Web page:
Quiros, EB-5 fraud scandal ‘mastermind,’ gets $200K Vermont tax refund check

Quiros, EB-5 fraud scandal ‘mastermind,’ gets $200K Vermont tax refund check

EB-5 Visa, EB5 Visa, EB5 Investments

Ariel Quiros, the former Jay Peak owner accused of masterminding a fraud involving hundreds of millions of dollars, just received a $200,000 tax refund from the state of Vermont, according to court records.

It’s unclear how much, if any, of those funds Quiros will pocket. At least half, or $100,000, will go to the receivership currently overseeing the Northeast Kingdom ski resort.

The other $100,000, according to the filing, is expected to be used by Quiros to pay his mounting legal bills and other costs to defend himself against the investor fraud allegations.

The $200,000 check, according to the recent filing, is from the state Department of Taxes as a result of the “overpayment of state income taxes on behalf of Mr. Quiros and his wife” in 2015, a year before state and federal regulators brought investor fraud lawsuits against him.

“Mr. Quiros had taken no action in connection with the refund until very recently,” the filing added.

The court filing was submitted by Michael Goldberg, a court-appointed receiver overseeing the assets belonging to Quiros as part of a case brought against the Miami businessman turned Vermont ski mogul more than two years ago by the U.S. Securities and Exchange Commission.

Goldberg in the filing lays out his proposal for the $200,000 refund check, including allowing Quiros to use half of it to pay his attorney bills.

The other $100,000 from that tax refund check, according to Goldberg’s proposal, would be turned over to the receivership for continuing to clean up the financial mess left behind in northern Vermont communities where development projects headed by Quiros took place.

Goldberg submitted his filing this week in federal court in Miami, where that SEC case remains pending and Quiros resides. Judge Darrin P. Gayles, presiding over that case, signed off on Goldberg’s plan Tuesday.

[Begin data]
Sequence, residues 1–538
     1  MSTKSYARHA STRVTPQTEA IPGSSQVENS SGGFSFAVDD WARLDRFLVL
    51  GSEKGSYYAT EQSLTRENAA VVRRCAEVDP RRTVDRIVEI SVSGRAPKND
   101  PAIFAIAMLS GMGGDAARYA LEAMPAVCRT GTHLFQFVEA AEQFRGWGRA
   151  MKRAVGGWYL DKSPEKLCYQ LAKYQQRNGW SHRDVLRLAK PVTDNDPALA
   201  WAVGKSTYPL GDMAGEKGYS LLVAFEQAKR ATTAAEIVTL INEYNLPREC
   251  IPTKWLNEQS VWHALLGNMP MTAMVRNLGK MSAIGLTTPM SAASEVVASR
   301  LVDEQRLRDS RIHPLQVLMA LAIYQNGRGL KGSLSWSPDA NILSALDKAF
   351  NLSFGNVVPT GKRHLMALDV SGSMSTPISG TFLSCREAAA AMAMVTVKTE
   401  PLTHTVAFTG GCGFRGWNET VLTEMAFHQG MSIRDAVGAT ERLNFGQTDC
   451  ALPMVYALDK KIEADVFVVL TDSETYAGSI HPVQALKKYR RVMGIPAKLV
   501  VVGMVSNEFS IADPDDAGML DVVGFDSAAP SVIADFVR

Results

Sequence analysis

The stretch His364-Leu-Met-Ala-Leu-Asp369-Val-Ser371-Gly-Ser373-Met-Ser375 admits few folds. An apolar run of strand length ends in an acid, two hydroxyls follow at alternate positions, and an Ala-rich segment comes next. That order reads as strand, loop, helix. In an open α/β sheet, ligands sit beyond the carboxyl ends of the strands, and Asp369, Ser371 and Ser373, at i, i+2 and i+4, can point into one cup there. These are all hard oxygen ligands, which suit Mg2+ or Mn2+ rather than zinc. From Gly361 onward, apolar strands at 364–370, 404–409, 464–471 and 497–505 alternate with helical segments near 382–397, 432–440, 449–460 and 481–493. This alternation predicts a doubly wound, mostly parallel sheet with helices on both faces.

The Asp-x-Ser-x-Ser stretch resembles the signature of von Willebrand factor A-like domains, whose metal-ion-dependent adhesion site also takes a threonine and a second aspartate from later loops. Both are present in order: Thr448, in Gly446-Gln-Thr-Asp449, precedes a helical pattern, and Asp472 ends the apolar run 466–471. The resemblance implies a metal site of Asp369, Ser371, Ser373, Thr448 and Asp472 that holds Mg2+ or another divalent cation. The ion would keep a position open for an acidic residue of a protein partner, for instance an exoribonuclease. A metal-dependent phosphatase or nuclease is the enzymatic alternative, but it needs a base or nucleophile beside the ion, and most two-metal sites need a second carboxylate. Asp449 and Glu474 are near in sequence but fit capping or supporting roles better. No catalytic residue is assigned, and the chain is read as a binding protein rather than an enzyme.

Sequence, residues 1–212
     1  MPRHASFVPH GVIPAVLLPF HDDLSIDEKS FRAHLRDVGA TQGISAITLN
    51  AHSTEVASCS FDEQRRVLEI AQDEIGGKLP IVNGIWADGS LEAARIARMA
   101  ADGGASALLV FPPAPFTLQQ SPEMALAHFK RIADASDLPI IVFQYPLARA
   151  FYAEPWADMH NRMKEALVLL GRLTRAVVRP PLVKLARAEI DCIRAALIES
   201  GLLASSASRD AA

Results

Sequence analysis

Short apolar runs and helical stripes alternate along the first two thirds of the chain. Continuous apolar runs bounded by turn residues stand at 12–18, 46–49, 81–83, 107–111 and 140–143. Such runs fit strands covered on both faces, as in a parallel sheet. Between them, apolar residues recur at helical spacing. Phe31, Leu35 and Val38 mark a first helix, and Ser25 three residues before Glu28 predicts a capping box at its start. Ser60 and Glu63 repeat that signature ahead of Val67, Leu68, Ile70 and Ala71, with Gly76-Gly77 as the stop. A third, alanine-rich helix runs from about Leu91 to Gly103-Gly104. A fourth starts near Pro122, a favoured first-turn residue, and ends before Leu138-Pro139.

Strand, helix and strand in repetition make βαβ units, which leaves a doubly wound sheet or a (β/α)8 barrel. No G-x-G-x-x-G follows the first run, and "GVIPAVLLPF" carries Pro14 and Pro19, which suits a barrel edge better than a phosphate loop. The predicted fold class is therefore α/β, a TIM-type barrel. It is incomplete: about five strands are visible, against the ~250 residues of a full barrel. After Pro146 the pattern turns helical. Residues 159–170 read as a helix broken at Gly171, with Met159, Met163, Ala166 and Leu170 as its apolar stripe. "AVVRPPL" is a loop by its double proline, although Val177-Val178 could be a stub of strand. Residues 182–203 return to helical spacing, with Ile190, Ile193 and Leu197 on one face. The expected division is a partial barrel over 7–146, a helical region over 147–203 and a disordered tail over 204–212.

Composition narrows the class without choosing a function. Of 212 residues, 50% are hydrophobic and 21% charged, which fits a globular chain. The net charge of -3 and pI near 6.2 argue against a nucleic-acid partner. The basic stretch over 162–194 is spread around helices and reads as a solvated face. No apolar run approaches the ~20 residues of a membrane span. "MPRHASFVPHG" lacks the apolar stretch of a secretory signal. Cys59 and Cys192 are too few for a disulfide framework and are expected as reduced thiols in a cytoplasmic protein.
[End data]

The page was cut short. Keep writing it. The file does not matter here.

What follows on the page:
The judge needed to approve the proposal because Quiros is currently subject to a freeze of his assets, put in place at the time of the filing of the SEC lawsuit against him in April 2016.

Melissa Visconti, a Florida attorney, representing Quiros, said Wednesday she notified the SEC as soon as her client learned of the state income tax refund check, which needed to be reissued since the previous check had become void.

Visconti declined to reveal how much Quiros owes her in legal fees since she began representing him in March 2017. Court filings from several months ago put that figure at well over $300,000.

Kaj Samson, Vermont’s tax commissioner, could not immediately be reached Wednesday for comment.

The existence of the refund check was discovered as assets were being reviewed in preparation for the freeze to be lifted as a result of the resolution the SEC case against Quiros.

Earlier this year, Quiros reached a settlement with the SEC to resolve investor fraud allegations in a 52-count lawsuit brought against him in April 2016. That settlement calls for Quiros to turn over $81 million in assets to the federal government, including his ownership stake in Jay Peak ski resort as well as the nearby Burke Mountain ski area.

State and federal regulators said in separate lawsuits that Quiros and his former business partner Bill Stenger, Jay Peak’s former president, misused $200 million of the more than $350 million they raised from hundreds of immigrant investors through the federal EB-5 visa program.

The SEC had termed Quiros the “mastermind” of the “Ponzi-like” scheme, though his attorney has contested that characterization of Quiros’ role.

Quiros has also agreed to a resolve the state lawsuit by surrendering an estimated $2 million in assets, including a handful of properties in Vermont, to the state.

In addition to the tax refund check, Goldberg wrote in the recent filing, Quiros also “recently identified funds held in accounts at Wells Fargo” in the name of Tango Grill Holdings, Inc., a restaurant he owned in Miami, according to the filing.

“Mr. Quiros and the SEC were unaware the accounts contained funds until very recently,” Goldberg wrote. “Combined, the accounts contain $21,444.41.”

Goldberg proposed and the judge agreed to the same split with those funds as for the state tax refund, with half, or $10,722, going to the receivership, and Quiros permitted to use the other half for the “attorneys’ fees, costs, and other expenses.”



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